posted by chavenet on Jul 30, 2012 - 68 comments

RIP Margaret Mahy

Acclaimed New Zealand children's and young adult's book author Margaret Mahy died in Christchurch yesterday aged 76. [more inside]
posted by Start with Dessert on Jul 23, 2012 - 24 comments

Bob Babbitt 1937-2012

Bob Babbitt, longtime session musician and member of Motown's house band The Funk Brothers, has died at 74. [more inside]
posted by ricochet biscuit on Jul 20, 2012 - 21 comments

SNL writer Tom Davis, RIP

Comedy writing parter to Sen. Al Franken (the two went to high school together and shared an apprenticeship salary when first hired by Lorne Michaels as two of the first writers for Saturday Night Live), Tom Davis has died at 59 from throat cancer. In 2009 he published his memoir of those years, Thirty-Nine Years of Short-Term Memory Loss.
posted by aught on Jul 20, 2012 - 38 comments

A Writer, and a Friend, of the Highest Class

Journalist and critic AA Gill writes a moving, heartfelt and beautiful tribute to young colleague Amy Turner [more inside]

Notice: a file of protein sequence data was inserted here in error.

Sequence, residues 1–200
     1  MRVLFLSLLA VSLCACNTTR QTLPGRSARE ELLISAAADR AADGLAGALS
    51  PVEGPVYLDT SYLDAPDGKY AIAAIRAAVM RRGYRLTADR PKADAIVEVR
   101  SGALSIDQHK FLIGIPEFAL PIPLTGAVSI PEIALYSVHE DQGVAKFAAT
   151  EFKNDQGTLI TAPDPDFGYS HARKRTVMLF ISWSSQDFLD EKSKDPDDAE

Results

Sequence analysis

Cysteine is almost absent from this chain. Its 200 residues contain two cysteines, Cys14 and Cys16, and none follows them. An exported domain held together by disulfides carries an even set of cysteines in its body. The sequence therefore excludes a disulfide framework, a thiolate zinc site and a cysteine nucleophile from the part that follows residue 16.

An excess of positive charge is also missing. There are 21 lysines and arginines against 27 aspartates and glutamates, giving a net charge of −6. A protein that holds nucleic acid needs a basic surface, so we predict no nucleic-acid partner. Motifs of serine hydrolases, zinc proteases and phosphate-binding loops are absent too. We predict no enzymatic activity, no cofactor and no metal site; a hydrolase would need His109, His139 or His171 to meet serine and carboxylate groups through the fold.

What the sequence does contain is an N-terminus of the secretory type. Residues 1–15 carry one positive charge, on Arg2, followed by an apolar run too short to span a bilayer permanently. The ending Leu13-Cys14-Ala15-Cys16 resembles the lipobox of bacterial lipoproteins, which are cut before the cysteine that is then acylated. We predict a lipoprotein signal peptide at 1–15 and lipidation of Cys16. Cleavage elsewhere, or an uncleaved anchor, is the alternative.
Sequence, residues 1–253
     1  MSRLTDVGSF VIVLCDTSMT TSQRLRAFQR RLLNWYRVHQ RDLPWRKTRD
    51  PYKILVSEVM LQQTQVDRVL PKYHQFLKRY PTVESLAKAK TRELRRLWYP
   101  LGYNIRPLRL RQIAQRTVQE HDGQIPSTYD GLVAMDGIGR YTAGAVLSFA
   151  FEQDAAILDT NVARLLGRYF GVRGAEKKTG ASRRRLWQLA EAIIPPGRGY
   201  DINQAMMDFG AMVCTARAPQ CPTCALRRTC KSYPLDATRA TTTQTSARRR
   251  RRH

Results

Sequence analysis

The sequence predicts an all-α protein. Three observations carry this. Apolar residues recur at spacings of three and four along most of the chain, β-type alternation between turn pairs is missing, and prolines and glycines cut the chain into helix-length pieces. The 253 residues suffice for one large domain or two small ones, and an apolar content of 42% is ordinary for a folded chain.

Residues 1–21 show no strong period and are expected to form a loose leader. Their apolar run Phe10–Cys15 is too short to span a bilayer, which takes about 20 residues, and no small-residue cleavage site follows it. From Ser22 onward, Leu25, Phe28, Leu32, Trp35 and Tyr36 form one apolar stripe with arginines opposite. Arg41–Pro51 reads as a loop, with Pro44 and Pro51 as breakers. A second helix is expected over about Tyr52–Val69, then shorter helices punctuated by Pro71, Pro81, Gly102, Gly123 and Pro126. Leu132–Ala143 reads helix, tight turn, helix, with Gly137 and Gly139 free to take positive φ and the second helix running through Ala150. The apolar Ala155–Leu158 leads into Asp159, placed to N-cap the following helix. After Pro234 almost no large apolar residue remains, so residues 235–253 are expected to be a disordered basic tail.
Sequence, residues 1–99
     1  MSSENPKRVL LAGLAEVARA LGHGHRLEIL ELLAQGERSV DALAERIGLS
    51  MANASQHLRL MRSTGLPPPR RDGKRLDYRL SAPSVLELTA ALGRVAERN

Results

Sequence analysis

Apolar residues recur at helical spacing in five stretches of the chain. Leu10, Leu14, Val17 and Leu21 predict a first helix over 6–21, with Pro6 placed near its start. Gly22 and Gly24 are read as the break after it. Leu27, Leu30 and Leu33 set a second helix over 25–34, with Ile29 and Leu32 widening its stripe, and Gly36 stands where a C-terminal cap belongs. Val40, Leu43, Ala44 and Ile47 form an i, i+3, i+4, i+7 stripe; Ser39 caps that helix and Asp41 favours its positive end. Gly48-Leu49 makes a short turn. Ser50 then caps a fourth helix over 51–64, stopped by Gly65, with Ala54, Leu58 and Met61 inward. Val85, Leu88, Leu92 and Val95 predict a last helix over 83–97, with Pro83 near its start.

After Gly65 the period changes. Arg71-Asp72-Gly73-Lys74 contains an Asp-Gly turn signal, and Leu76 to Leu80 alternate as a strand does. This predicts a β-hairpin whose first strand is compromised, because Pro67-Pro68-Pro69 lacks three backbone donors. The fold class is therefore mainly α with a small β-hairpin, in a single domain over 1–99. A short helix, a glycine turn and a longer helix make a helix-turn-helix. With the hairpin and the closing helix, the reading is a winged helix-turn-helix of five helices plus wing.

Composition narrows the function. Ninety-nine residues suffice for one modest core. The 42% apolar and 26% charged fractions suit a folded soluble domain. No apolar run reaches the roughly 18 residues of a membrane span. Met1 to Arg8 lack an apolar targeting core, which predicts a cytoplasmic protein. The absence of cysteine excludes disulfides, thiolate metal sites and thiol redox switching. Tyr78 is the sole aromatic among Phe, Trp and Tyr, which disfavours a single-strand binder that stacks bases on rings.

posted by chris88 on Jul 16, 2012 - 28 comments

"The main thing is to keep the main thing the main thing."

Stephen Covey, author of The Seven Habits of Highly Successful People, died today at age 79. According to Covey's family, the death was due to "the residual effects of a bike accident he suffered this past April." The 7 Habits of Highly Successful People has sold more than 20 million copies since its initial publication in 1989, and is one of Time Magazine's "25 Most Influential Business Management Books." 7 Habits popularized the concepts of "win/win," "interdependence," and "paradigm shift" in self-help and managerial vocabularies.
posted by catlet on Jul 16, 2012 - 41 comments